To Life!

by Rabbi Lee Friedlander

Dear Friends,

After almost fifty years in the rabbinate, so much of Jewish ritual still moves me.  Consider the conclusion of a traditional funeral.  Following the shoveling of earth on the coffin and the recitation of ayl malay rakhamim, the memorial prayer, mourners recite kaddish, which is a panegyric in praise of God with nary a word about death.  They are the first people to turn away from the grave to walk between two rows of comforters.  Then, upon entering the shiva house, the mourners are fed eggs.

What is the connection between these actions?  Together with the mandate that Jews should bury their dead as soon after they expire as possible, can this be seen as a denial of death?  Quite to the contrary: Given Judaism’s emphasis on life embodied in the biblical commandment to “choose life,” I see it an affirmation of living.  The recitation of a prayer attributed to the angels praising the very Source of Life, the turning from the dead to walk among the living, and the ingesting of life’s future in the form of an egg are preludes to the mourning period.  These rituals instruct that with death there is sadness and/or irresolution, but there is also life to look toward even in the shadow of death.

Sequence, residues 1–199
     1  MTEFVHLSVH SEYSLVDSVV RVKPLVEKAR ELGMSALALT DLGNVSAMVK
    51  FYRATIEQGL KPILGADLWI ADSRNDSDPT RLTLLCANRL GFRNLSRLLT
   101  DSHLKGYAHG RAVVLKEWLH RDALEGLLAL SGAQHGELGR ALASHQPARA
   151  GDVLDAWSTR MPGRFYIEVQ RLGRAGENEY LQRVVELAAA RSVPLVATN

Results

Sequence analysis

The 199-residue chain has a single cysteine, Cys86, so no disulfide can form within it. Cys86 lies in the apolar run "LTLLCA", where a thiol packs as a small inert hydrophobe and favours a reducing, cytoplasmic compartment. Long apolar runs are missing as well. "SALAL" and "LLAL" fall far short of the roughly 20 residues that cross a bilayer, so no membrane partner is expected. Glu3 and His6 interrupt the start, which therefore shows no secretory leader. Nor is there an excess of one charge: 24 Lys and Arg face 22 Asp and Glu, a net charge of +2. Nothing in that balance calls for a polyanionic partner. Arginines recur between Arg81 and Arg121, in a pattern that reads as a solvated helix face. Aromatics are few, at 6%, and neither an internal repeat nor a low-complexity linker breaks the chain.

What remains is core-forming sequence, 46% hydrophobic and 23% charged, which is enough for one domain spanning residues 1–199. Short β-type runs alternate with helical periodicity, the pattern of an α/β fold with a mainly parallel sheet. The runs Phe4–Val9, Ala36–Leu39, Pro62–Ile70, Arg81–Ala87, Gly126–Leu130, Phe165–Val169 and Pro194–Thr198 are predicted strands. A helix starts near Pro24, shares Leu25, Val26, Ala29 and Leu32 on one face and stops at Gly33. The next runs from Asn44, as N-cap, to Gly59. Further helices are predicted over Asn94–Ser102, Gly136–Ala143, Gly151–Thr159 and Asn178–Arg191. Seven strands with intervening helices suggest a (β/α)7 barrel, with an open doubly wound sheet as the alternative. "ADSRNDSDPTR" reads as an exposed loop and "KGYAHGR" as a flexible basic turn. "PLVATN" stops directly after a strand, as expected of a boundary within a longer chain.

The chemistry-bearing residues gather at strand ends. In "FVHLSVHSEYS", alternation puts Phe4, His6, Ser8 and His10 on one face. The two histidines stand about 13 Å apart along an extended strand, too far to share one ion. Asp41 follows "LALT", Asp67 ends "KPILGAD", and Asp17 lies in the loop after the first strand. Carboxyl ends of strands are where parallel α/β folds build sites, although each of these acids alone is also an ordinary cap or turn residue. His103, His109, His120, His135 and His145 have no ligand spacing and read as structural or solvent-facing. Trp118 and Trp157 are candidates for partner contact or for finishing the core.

That’s why the teaching of Ecclesiastes (7:1) that “the day of death is better than the day of birth” seems counter to Jewish tradition, but watching my grandchildren be and grow has given me new insight into the verse.  At four months and weighing in at twenty pounds(!), Tallulah is a bundle of giggles and of wonder.  Last Sunday, her mother Ruthie, quickly dismissing my review of the play “A Prayer for the French Republic” handed Tallulah to me to tell my story to who smiled and laughed at every word I said.  An hour later, Tallulah’s seven-year-old cousin, Helaina, was happy to play UNO with me until I finally won a game when she passed me on to her just-turned four-year-old brother Isaac who took me on for the next half-an-hour until we completed the track for his trains.  I now know why my mother (z”l) never missed an opportunity to call my daughters her “jewels;” but she missed them grow into themselves becoming mothers and responsible citizens in their own right cast in her mold.  And so Tallulah is a joy to us all, but, at present, she is only potential, a potential that will be realized with guidance, affirmation, and love in decades to come.

That’s where all of you at RSNS come in.  Your warm wishes that welcomed Tallulah into the world after Ruthie’s four-and-a-half-year-long pregnancy, and the many, many contributions that were made in celebration of her birth and of her naming, have already made her presence in the world a source of happiness and of righteous acts.  God willing, Tallulah will be granted years and opportunities to do good on her own, but she already has the merit of being a force for good thanks to you.  Our family thanks you for your warm welcome of Tallulah into the world and for making her existence a blessing.

With appreciation and love,